How effective are short films in marketing luxury brands?

Angelina Jolie interviewed casually in Cambodia, French models spending an elegant weekend in a lavish luxury villa or Models sharing everyday life on a boat are actually the latest themes of short movies released by Louis Vuitton, Chanel and Miu Miu (Prada) respectively. Louis Vuitton was one of the trailblazers with its Journeys campaigns, the first short movies which were launched in 2009 featured Catherine Deneuve, Andre Agassi with Steffi Graff as well as Michail Gorbachev.

Hollywood diva Angelia Jolie has been invited by Louis Vuitton to share her life changing experience in Cambodia, a country which she would often visit as a UN Ambassador and was actively involved in the project of demining. Few years ago, she even adopted a child and has been regularly visiting the country ever since. The latest Vuitton short movie portrays Jolie telling her story about Cambodia and how she fell in love with the country. Unlike most of the other Journeys projects, Jolie was shot in a simple, casual outfit, wearing minimal make up sitting by a Louis Vuitton bag, which she is said to actually own. The new Journeys campaign also includes several other short clips portraying locals from all walks of life in Cambodia in their natural environments.

The new Vuitton campaign which also includes a photo of Angelina Jolie taken by famed photographer Annie Leibovitz on the set, had definitely achieved its goals, conveying a real life story told in the most candid and honest manner, making Jolie even seem humble and modest, far from her glam Hollywood image. The campaign is inspiring for Louis Vuitton fans and consumers who can find empathy with Jolie and creates an emotional connection meant to add value to the Vuitton brand and enforce Vuitton’s core brand DNA which is travel.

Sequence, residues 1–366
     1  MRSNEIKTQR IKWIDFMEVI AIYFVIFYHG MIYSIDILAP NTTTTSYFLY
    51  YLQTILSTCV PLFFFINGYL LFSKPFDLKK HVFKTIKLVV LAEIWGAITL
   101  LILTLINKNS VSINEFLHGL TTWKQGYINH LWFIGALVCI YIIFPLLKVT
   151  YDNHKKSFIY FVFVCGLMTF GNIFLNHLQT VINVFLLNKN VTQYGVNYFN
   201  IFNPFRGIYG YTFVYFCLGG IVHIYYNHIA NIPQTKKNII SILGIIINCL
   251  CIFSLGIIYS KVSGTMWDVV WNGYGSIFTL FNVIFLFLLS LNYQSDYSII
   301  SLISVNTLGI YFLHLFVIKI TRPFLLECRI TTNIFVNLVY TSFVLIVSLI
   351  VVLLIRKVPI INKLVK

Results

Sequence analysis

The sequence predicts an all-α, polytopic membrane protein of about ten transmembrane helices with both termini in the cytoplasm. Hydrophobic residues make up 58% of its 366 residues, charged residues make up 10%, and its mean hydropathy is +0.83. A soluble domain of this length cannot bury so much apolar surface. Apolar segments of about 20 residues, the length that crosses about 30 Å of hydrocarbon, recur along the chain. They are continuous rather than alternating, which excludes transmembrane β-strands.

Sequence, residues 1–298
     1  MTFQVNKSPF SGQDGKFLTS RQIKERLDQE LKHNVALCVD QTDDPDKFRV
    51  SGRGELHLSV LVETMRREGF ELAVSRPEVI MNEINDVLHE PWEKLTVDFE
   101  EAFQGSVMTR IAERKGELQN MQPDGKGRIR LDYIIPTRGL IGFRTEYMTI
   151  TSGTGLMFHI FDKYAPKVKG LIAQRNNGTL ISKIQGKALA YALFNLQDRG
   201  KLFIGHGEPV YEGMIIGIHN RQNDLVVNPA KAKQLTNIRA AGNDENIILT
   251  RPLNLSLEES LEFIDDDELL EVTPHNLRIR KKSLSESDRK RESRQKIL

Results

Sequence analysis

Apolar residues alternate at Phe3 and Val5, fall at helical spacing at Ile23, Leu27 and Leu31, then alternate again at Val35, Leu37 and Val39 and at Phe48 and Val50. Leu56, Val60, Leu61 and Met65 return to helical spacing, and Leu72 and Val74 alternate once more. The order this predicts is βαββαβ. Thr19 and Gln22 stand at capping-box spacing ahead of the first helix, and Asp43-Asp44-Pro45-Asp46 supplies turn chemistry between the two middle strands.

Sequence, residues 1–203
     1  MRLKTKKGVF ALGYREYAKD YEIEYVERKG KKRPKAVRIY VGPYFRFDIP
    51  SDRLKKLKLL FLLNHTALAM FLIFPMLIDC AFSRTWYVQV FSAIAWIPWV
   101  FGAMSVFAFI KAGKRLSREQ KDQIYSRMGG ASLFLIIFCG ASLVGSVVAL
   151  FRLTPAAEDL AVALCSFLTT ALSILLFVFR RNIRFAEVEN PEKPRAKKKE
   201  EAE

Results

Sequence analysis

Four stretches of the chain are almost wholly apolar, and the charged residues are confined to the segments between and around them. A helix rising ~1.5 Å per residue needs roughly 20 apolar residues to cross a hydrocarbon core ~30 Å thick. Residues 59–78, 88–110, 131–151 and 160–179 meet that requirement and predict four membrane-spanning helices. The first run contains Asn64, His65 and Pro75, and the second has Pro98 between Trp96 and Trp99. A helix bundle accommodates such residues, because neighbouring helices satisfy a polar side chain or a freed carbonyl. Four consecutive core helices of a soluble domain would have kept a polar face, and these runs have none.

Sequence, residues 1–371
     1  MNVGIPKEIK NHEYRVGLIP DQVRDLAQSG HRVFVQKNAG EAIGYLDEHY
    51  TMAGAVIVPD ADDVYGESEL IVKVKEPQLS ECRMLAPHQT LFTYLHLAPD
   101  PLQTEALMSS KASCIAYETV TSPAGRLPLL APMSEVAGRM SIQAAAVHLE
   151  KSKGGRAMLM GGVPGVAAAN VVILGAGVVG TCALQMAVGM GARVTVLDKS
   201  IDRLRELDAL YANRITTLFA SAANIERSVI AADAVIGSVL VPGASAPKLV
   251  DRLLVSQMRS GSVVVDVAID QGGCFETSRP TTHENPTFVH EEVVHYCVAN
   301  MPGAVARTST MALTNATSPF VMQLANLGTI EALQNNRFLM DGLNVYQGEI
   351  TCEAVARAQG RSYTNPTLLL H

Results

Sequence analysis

Another short movie which has been making headlines this summer is Karl Lagerfeld’s ”Tale of a Fairy” short movie for CHANEL’s 2012 Cruise Collection. The movie was shot in a lavish Louis XIV palace in the South of France, with models who gather for a weekend party which culminates with a night in a Monte Carlo casino. The main character of movie is the perfect reflection of Lagerfeld’s vision of the CHANEL woman, in her early 40s, tall and thin wearing her bleached long hair in a tall conic loop. Her manner is also ”very Chanel”, wearing sophisticated outfits even while laying in bed and having a foot massage. The mood is tense, at times even depressive, in sharp contrast with the bright coloured decor, Lagerfeld succeeding in his intention to depict a decadent 21st century picture. One could even sense the self-mockery Lagerfeld places on luxury and the role it plays in the lives of the characters he depicts. 

PRADA’s MIU MIU has recently unveiled its second short movie part of its Tale Series, directed by Argentinean director Lucrecia Martel and entitled ”MUTA”. From the title which translates both into mute and transformation audiences slip into an avant-garde, sensual and provocative mood which are the core elements of the MIU MIU brand. The MUTA short movie is rife with clever imagery hinting to female transformation, presented as something robotic and otherworldly that puzzles as much as it attracts. The cinematic quality is exceptional and the movie stirs attention. Product placement and styling is impeccable, the dramatic make up playing a crucial role.

All the three movies have one feature in common and that is to impress, whether it is through Angelina Jolie’s , humanly storytelling, or through the dramatic portrayal of models in unusual situations. However, it remains to be seen whether Vuitton’s social message will create a longer lasting memory in the minds of audiences or relating to the brand through imagination will have an equally impressive effect.

Oliver Petcu